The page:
On Sunday, the New York Times endorsed both Elizabeth Warren and Amy Klobuchar for president. Or at least to become the Democratic nominee. The endorsement comes at a time when Warren is trying to settle a high profile dispute with Bernie Sanders and Klobuchar is struggling to gain enough momentum to stay in the race.
The dual endorsement noted the internal debate raging within the Democratic Party over whether to support a candidate from the left flank of the party or one more in the center. Warren, they decided, is the best choice for those who prefer more abrupt change. What they really said was “Take Warren over Bernie Sanders.” People who believe in a more incremental approach should choose Klobuchar over her fellow centrists, most notably Joe Biden, Pete Buttigieg and Michael Bloomberg.
Personally, I just want a candidate who can win. I like a lot of the policies espoused by Warren and Sanders. I believe we need to dramatically restructure our tax code to force the wealthiest among us to pay more of their fair share. I think we would be better off with a single-payer health care system. I think community college programs should be free since they are largely job training programs for corporate America.
That said, I’m not confident that enough Americans agree. Or if they agree generally, they would prefer a slower, more deliberate process to get there. I believe much of the country is more center right than center left. In particular, I think the people in the states Democrats need to win prefer an incremental approach more than a radical one.
I’m left believing that a more moderate candidate has a better chance of defeating Trump. I agree with the Times that Klobuchar would be the strongest match up against the president. She brings a record of winning broadly in a purple state. I vehemently disagree with the sentiment that a woman can’t win. In fact, I believe the exact opposite. A woman could win handily and would attract more of the swing voters Democrats need than a man with similar views.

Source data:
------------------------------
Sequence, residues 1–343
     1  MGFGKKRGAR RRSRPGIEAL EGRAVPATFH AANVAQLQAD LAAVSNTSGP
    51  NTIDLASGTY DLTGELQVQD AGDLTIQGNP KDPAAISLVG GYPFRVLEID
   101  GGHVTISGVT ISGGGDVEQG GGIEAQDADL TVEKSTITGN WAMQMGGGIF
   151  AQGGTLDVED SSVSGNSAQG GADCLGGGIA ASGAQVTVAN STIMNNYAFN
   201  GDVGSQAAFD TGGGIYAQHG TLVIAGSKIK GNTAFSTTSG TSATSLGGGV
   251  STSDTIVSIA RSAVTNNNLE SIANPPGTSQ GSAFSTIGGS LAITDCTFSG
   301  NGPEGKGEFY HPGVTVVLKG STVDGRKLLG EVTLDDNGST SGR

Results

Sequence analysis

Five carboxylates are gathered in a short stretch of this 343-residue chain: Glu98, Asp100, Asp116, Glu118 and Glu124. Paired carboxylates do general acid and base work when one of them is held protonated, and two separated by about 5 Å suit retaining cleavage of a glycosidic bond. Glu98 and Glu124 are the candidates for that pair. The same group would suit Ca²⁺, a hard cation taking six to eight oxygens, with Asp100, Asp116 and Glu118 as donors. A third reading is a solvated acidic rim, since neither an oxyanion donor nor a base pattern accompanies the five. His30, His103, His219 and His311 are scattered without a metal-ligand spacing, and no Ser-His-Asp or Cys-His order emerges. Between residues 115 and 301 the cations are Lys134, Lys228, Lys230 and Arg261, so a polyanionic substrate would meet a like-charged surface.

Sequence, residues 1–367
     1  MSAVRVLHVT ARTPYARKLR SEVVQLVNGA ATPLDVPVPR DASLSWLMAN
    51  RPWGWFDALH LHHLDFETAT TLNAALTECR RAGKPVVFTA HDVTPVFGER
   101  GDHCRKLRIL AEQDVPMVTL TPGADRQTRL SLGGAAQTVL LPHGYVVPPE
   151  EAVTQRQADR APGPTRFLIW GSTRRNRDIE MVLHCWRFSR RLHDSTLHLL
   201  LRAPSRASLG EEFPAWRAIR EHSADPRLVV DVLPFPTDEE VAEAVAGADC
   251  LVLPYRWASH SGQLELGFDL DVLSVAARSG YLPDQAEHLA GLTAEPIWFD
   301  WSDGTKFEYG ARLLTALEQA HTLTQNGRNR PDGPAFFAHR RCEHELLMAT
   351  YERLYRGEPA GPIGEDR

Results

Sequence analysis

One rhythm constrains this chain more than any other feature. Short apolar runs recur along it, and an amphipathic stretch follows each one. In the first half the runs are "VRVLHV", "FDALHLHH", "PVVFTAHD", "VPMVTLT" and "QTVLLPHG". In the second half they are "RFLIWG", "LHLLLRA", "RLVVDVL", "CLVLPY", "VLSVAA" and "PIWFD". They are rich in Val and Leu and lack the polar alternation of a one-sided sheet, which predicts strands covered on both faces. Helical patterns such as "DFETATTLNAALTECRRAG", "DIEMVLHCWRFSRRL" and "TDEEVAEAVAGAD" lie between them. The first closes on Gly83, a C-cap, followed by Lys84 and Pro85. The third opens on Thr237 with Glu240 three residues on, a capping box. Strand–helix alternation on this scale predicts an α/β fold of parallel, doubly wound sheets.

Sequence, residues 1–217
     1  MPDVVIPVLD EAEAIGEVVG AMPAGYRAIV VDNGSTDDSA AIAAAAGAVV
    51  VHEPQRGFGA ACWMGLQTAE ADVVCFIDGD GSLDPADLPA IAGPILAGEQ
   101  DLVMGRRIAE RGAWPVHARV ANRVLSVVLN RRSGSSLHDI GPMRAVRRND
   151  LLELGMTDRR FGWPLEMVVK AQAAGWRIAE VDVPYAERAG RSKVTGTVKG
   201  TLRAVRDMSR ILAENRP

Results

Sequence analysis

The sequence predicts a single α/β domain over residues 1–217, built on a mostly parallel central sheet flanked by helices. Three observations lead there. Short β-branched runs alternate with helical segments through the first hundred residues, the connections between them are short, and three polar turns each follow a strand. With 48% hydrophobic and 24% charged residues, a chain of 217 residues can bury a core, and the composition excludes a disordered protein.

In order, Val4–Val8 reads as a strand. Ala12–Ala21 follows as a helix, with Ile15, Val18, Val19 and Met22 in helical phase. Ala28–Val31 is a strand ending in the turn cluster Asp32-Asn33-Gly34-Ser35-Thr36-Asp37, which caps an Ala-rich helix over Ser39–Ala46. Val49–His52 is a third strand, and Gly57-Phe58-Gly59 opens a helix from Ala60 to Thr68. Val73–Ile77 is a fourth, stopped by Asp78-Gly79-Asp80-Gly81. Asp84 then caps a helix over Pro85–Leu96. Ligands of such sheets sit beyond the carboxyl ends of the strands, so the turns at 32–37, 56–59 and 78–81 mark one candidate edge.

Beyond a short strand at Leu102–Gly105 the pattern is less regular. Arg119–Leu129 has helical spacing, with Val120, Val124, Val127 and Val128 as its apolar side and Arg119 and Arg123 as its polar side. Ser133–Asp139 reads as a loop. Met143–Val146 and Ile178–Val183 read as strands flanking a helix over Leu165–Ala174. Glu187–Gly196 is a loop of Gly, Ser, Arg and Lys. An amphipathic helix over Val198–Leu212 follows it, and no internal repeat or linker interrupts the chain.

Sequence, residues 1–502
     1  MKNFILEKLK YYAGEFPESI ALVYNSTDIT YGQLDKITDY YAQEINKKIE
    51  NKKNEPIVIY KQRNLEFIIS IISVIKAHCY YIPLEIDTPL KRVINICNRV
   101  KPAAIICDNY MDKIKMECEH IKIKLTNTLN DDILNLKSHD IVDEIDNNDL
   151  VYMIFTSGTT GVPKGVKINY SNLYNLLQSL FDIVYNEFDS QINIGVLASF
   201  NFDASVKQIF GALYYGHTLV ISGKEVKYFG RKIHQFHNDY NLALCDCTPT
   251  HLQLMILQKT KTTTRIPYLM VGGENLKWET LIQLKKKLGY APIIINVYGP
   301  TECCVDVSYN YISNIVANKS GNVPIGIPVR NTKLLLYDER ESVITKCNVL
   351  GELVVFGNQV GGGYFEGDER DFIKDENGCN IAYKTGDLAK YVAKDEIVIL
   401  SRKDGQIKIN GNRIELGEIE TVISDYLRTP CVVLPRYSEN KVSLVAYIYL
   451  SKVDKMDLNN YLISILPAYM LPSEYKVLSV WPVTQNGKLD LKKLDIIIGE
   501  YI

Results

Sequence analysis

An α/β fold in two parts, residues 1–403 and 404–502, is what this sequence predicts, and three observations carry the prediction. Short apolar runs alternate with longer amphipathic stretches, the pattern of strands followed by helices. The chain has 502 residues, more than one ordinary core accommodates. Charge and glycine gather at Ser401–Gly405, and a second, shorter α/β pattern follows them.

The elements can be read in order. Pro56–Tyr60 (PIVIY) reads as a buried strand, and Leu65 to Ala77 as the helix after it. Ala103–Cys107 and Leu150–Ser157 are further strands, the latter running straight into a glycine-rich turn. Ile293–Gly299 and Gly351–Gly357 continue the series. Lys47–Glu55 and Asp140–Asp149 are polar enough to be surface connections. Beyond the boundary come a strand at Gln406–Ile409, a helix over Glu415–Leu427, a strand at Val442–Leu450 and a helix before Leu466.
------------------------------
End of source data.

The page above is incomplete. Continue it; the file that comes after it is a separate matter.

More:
I disagree with the assessment that Hillary Clinton lost because she was a moderate or that she’s a woman. She lost because she’s Hillary Clinton and much of America doesn’t trust her after 20 years of attacks by the right and more than a few self-inflicted wounds. Had almost any other moderate Democrat, man or woman, been the nominee in 2016, Donald Trump would have gotten crushed.
All of that said, I’m still undecided about who I’ll vote for in March. I want the Democrat I’m most confident can sustain a campaign and win. If Klobuchar comes out of the Iowa caucuses with a win or close to it and then has a strong showing in New Hampshire and Nevada, she may well be my pick. If Biden continues to solidify his support and African Americans stick with him, I may support him. If Warren fixes the problems that have plagued her campaign recently and enters Super Tuesday with a head of steam, I could see voting for her. Finally, if those three have collapsed, I could support Michael Bloomberg and his store-bought infrastructure. I have a hard time seeing Buttigieg still being competitive by Super Tuesday but if he is, I could see supporting him, too.
The only candidate I won’t support during the primary is Bernie Sanders. I’m confident that the language he uses scares the bejesus out of the voters Democrats need to win. They don’t want a revolution. They don’t want an avowed socialist. They want stability. However, I’ll support him if he’s the nominee because I believe Donald Trump is a threat to our democracy, our liberty and our standing in the world. And then I’ll prepare for an electoral defeat like we haven’t seen since Walter Mondale.
Thomas Mills is the founder and publisher of PoliticsNC.com. Before beginning PoliticsNC, Thomas spent twenty years as a political and public affairs consultant. Learn more >